17:13 GMT08 August 2020
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    Donald Trump's victory in the US presidential election has become a headache fot the government of Kosovo. Pristina fears that Trump will revise Washington's policy towards the self-proclaimed nation.

    The self-proclaimed Republic of Kosovo has two major foreign policy goals for the next year, including receiving an observer status in the United Nations and taking normalization talks with Serbia to the presidential level.

    Pristina came up with this scenario at the time when its government was sure that Hillary Clinton would secure a victory in the United States presidential election.

    Donald Trump’s victory in the US is a big concern for the government of Kosovo, journalist Brankica Ristic wrote for Sputnik Serbia.

    Pristina congratulated Trump on his victory and also thanked Hillary Clinton for "everything she did for Kosovo." At the same time, the government hopes that during Trump’s presidency Washington’s policy towards Kosovo will stay the same.

    "Trump is a businessman. He will definitely wonder whether Kosovo is worth the money the US has invested in it. Moreover, Washington has invested billions of dollars not in the economy or industrial development, but to support Kosovo as a political project," the author wrote.

    As a political entity, Kosovo will not survive without American support. This is why Pristina was shocked by Trump’s victory.

    "There is chaos now in the government of Kosovo because it is unclear what Trump’s foreign policy strategy will be, including towards Kosovo. Pristina may lose its main ally. Trump’s victory has disturbed Kosovo’s plans for the next year and forced Pristina to intensify its foreign policy efforts during the transitional period in the US. Time is running out, and Kosovo has two scenarios," the article read.

    First, local media reported that the government of Kosovo, including President Hashim Tachi, has sent lobbyists to Washington, in a bid to convince Trump’s team that Kosovo should be one of America’s priorities in the Balkans.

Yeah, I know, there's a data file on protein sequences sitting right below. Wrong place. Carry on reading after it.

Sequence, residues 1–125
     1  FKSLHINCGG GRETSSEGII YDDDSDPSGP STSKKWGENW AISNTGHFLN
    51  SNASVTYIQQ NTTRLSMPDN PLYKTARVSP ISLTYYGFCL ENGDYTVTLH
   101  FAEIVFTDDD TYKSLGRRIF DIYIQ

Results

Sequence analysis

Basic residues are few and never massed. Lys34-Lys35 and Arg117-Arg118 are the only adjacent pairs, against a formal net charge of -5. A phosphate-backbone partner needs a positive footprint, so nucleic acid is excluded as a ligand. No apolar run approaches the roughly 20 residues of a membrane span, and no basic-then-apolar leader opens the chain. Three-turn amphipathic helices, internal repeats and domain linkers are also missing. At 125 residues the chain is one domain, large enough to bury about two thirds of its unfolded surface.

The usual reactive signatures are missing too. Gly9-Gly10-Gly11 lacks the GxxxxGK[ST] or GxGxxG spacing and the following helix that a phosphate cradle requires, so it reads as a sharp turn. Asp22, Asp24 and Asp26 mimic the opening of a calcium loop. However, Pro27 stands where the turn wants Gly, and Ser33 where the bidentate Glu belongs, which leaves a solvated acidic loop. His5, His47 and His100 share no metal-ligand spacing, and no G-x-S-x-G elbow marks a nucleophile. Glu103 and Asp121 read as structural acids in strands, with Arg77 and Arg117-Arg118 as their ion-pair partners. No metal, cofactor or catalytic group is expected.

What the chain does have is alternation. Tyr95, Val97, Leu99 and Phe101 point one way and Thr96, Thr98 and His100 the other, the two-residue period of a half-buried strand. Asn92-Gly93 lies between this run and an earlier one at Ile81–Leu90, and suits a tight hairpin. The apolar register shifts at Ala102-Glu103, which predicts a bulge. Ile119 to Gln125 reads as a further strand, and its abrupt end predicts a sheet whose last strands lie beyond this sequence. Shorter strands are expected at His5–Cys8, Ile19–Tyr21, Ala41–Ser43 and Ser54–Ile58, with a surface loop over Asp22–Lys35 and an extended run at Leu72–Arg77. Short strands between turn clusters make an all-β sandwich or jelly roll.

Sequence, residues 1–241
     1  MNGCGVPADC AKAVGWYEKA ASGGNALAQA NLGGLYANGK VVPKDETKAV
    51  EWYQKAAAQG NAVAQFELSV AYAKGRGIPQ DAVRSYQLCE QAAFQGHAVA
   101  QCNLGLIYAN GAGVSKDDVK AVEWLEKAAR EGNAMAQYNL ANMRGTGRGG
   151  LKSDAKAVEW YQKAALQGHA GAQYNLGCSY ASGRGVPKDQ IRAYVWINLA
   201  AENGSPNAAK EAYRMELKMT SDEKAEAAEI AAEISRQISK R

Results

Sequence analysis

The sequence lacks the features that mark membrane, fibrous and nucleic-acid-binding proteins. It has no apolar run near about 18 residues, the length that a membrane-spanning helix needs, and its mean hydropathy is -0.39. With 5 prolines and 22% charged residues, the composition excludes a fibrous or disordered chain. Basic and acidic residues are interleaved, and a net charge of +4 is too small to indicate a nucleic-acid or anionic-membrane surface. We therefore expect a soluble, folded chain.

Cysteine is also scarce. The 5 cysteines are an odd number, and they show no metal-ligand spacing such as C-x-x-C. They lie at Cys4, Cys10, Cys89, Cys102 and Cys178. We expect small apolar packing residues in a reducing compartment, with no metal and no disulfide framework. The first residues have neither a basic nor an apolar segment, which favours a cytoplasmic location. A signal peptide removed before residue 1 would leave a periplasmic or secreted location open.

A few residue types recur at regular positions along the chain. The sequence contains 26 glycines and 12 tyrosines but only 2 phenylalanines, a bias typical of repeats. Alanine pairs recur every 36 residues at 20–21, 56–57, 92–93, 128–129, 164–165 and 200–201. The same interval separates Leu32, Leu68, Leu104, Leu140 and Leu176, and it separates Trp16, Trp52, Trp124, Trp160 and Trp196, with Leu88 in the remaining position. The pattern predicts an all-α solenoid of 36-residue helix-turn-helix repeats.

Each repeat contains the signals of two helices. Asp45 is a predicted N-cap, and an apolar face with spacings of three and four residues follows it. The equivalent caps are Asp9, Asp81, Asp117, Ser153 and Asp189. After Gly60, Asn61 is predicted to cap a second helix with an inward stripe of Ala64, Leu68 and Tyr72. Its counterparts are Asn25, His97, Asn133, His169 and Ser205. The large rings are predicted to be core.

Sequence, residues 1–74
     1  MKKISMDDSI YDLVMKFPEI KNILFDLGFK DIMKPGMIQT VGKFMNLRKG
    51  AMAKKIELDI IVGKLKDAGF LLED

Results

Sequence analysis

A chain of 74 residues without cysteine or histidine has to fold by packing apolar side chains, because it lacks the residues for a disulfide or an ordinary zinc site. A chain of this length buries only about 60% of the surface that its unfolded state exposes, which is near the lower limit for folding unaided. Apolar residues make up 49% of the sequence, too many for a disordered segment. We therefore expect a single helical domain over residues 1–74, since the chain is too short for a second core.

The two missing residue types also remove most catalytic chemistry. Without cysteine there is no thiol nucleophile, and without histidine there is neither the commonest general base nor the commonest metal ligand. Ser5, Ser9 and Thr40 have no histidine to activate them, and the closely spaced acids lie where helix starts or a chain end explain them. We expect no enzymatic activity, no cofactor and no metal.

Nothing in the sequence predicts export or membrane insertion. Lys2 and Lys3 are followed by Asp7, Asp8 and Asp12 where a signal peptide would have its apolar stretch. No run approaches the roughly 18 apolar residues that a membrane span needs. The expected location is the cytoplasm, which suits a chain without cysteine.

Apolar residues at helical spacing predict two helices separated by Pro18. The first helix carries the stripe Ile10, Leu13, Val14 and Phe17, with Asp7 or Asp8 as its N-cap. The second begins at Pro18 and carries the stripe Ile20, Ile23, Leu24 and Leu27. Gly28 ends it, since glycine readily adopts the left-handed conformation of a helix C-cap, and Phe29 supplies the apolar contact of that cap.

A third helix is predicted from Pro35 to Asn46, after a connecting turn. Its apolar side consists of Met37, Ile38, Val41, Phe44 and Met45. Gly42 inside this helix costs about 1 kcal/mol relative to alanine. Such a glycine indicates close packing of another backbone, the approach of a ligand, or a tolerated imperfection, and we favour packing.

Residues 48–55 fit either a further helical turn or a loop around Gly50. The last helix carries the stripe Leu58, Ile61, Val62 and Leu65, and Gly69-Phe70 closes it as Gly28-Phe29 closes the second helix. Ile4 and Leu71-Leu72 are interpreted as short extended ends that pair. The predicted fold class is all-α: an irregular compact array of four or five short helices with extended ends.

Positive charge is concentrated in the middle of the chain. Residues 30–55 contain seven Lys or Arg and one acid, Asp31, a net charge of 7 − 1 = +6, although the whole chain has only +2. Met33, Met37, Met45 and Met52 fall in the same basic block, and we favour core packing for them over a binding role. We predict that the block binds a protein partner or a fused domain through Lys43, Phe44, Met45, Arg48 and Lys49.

Second, Pristina has a "plan B" related to the European Union and allies of the outgoing Obama administration.

    "The plan is simple. If Kosovo fails to gain support from Trump’s administration, it will turn to Brussels for help. Media reported that Tachi has already had private talks with Johannes Hahn, Commissioner for European Neighbourhood Policy and Enlargement Negotiations. Tachi and Hahn discussed how to accelerate granting Kosovo EU candidate status," the article read.

    In the EU, supporters of Kosovo will pressure Belgrade, demanding additional conditions for Serbia’s accession to the bloc. One of those conditions could be a demand that Belgrade stop insisting that Kosovo is Serbia.

    This scenario was earlier predicted by Marko Duric, director of the Office for Kosovo and Metohija, in the Serbian government. According to him, conditions for Serbia’s accession could be tightened to pressure Belgrade to recognize Kosovo’s independence.

    However, Vladislav Jovanovic, who served as Foreign Minister of Yugoslavia, suggested that Brussels could use "soft" political tools and diplomacy, instead of mounting pressure on Belgrade.

    "Thus, Serbian national interests will be taken into account by other players. The next US president is a pragmatic businessman. He is interested in maintaining America’s dominance not by wars, but other means," he told local media.

    According to the diplomat, Trump will not favor the absurd policy of interventionism and will not turn America’s friends into foes.

    Last month, some officials in Kosovo expressed concerns that Trump’s victory would be a catastrophe for Albania and Kosovo.

    "Trump’s victory might end the US policy which has favored Albania and Kosovo at the expense of Serbia’s interests. During Trump’s presidency, US support for Kosovo will decrease, and Washington will not ignore Serbia’s interests in Kosovo," Jovanovic suggested.


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